# Effective Rotor Fault Diagnosis Model Using Multilayer Signal Analysis and Hybrid Genetic Binary Chicken Swarm Optimization

^{*}

## Abstract

**:**

## 1. Introduction

- Proposing a multilayer signal analysis method combining two signal processing methods (LMD and WPD) and PF selection. This technique can reduce the dimension of original data, descend background noise, and extract potential features.
- Proposing a feature selection method using the combination with BCSO and GA and two positions update strategies to enhance global exploration capabilities, improve population diversity, and prevent premature convergence.
- Proposing a rotor bar fault diagnosis model based on multilayer signal analysis, feature selection method, and classification.

## 2. Multilayer Signal Analysis

#### 2.1. Local Mean Decomposition

**Step 1:**- Find all local extrema ${n}_{i}$ of the original signal $x\left(t\right)$. Calculate the local mean ${m}_{i}$ and local envelope ${a}_{i}$ of two successive extrema ${n}_{i}$ and ${n}_{i+1}$ by$${m}_{i}=\frac{{(n}_{i}{+n}_{i+1})}{2}$$$${a}_{i}=\frac{\left|{n}_{i}{-n}_{i+1}\right|}{2}.$$
**Step 2:**- All the local mean ${m}_{i}$ and local envelope ${a}_{i}$ can be extended by using straight lines extending between successive extrema.
**Step 3:**- Construct local mean function ${m}_{11}\left(t\right)$ and local envelope function ${a}_{11}\left(t\right)$ by smoothing the local mean and local envelope using moving averaging method.
**Step 4:**- Subtracting the local mean function ${m}_{11}\left(t\right)$ from the original signal $x\left(t\right)$ to obtain a residue signal ${h}_{11}\left(t\right)$:$${h}_{11}{\left(t\right)=x\left(t\right)-m}_{11}\left(t\right).$$
**Step 5:**- Then, the frequency modulated signal ${s}_{11}\left(t\right)$ can be obtained from ${h}_{11}\left(t\right)$ and ${a}_{11}\left(t\right)$. ${h}_{11}\left(t\right)$ can be the amplitude demodulated by dividing it by the envelope function.
**Step 6:**- If ${s}_{11}\left(t\right)$ is a purely frequency modulated signal, then go to Step 7. Otherwise, take ${s}_{11}\left(t\right)$ as a new signal and repeat Step 1 to 5 until the condition is satisfied.$${s}_{11}\left(t\right)=\frac{{h}_{11}\left(t\right)}{{a}_{11}\left(t\right)}.$$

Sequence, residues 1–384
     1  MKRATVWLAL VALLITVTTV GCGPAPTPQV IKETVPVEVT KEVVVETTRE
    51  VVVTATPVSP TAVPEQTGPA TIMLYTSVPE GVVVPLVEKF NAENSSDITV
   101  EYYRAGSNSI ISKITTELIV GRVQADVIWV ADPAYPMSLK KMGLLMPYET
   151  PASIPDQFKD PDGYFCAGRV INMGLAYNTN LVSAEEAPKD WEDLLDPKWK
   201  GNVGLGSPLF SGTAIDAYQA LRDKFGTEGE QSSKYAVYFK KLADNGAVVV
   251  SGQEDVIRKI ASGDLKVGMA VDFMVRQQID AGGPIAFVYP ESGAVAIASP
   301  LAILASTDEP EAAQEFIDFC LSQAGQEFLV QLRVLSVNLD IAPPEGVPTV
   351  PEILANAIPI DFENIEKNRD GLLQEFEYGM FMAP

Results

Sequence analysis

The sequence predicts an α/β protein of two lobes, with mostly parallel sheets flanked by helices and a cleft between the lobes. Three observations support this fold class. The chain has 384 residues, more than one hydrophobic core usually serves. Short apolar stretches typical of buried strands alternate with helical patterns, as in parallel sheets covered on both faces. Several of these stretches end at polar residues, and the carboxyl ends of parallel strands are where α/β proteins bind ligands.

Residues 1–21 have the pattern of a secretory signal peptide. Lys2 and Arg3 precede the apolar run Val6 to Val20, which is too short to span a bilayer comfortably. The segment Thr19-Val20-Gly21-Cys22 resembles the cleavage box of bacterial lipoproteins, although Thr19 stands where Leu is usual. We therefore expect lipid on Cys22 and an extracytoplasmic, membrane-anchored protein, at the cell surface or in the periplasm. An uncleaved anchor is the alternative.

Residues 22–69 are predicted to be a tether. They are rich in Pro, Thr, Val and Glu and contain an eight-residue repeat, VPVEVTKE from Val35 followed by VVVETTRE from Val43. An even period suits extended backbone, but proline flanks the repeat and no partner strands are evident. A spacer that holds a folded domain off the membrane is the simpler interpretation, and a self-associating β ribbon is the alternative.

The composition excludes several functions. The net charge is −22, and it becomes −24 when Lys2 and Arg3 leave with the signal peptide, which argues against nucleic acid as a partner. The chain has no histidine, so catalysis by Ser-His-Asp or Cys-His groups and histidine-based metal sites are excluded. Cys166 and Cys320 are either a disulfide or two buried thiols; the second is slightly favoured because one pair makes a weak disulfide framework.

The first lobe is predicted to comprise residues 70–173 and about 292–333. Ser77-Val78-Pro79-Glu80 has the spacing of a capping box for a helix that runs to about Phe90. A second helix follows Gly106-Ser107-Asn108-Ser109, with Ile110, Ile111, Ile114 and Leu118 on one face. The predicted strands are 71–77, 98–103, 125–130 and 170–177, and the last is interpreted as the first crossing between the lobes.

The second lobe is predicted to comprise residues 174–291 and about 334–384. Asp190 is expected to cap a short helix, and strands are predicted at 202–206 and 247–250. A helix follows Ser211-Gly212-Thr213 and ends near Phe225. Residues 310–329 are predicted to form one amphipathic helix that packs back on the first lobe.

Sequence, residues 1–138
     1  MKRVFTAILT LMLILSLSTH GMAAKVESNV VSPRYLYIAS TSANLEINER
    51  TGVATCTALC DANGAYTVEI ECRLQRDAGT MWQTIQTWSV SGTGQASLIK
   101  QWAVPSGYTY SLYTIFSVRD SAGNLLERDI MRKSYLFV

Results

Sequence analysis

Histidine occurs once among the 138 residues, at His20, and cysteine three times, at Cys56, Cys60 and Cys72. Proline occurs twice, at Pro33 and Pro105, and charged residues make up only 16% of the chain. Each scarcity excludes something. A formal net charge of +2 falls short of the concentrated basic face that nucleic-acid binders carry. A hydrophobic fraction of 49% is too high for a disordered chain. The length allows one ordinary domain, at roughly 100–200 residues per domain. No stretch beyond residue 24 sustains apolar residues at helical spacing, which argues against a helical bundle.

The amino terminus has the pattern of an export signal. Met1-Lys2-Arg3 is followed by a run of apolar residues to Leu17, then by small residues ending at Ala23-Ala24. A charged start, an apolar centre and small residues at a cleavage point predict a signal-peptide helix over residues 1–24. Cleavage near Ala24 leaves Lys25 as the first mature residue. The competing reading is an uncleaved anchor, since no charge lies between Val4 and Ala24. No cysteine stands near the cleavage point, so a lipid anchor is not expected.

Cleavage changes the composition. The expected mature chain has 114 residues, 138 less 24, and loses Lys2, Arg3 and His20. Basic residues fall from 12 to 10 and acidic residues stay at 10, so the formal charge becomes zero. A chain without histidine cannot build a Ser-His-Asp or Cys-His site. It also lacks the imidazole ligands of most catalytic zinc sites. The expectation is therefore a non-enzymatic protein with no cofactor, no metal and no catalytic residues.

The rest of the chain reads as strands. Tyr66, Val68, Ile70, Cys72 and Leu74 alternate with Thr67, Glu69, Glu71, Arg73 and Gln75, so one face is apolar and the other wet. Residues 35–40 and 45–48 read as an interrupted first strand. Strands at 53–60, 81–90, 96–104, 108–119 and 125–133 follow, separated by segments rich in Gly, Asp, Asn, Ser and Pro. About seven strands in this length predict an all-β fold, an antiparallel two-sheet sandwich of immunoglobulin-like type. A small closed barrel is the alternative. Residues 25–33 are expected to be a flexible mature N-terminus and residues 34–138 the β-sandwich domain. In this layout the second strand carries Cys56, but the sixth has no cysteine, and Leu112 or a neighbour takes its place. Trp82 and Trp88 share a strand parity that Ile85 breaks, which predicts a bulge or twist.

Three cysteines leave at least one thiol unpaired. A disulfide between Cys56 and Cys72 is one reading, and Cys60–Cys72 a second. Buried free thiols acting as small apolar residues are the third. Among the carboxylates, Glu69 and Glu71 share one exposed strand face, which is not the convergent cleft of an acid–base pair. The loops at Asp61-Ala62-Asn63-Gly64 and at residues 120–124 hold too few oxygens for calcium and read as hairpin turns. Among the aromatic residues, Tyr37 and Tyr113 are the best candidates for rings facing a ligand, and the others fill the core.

**Step 7:**- Multiply all the smoothed local envelope functions during iteration to obtain the envelope signal ${a}_{1}\left(t\right)$ of the first product function ${PF}_{1}$.Then, with the envelop function and the final frequency demodulated, the first product function ${PF}_{1}$ will be generated:$${a}_{1}(t)={a}_{11}(t){a}_{12}(t)\dots {a}_{1n}(t)={\displaystyle \prod _{q=1}^{n}{a}_{1q}(t)}$$$${PF}_{1}{=a}_{1}{\left(t\right)s}_{1n}\left(t\right).$$
**Step 8:**- Then, ${u}_{1}=x\left(t\right)-{PF}_{1}\left(t\right)$ treated as the smoothed version of the original data and the procedure is repeated from Step 1 to 7, until ${u}_{i}\left(t\right)={u}_{i-1}\left(t\right)-{PF}_{i}\left(t\right)$ is a monotonic function or no more than five oscillations. Finally, $x\left(t\right)$ can be denoted as$$x(t)={\displaystyle \sum _{i=1}^{p}P{F}_{i}(t)+{u}_{p}(t)}$$

#### 2.2. Product Function Selection

_{1}, PF

_{2}, PF

_{3},…, PF

_{n}. The CEV-defined ${Q}_{i}$ as for each PF component is the mean of the three statistic values as follows:

#### 2.3. Wavelet Packet Decomposition

#### 2.4. Feature Extraction Process

**Step 1:**- Record vibration signals from test machines.
**Step 2:**- In the first layer of the multilayer signal analysis, LMD is used to decompose the vibration signals into a set of PFs. Figure 1a illustrates how the LMD decomposes the normal IM vibration signal into four PFs.
**Step 3:**- In the second layer of the multilayer signal analysis, PF selection is used to select the effective components. In this paper, we choose the best two CEV values for the selected PFs into the final layer. Figure 1b illustrates the PF selection method selecting the best two PFs.
**Step 4:**- In the third layer of the multilayer signal analysis, WPD is used to further analyze and denoise the selected PFs. In this paper, two-level WPD is adopted and decomposition construction consists of four wavelet packet coefficients: ${aa}_{2}$, ${da}_{2}$, ${ad}_{2}$, ${dd}_{2}$. The two-level WPD decomposes the selected PFs as shown in Figure 1c.
**Step 5:**- The eight statistical feature parameters are calculated for each wavelet packet coefficient. A total of 64 (2 × 4 × 8) features are extracted from the output decomposition structure of two selected PFs.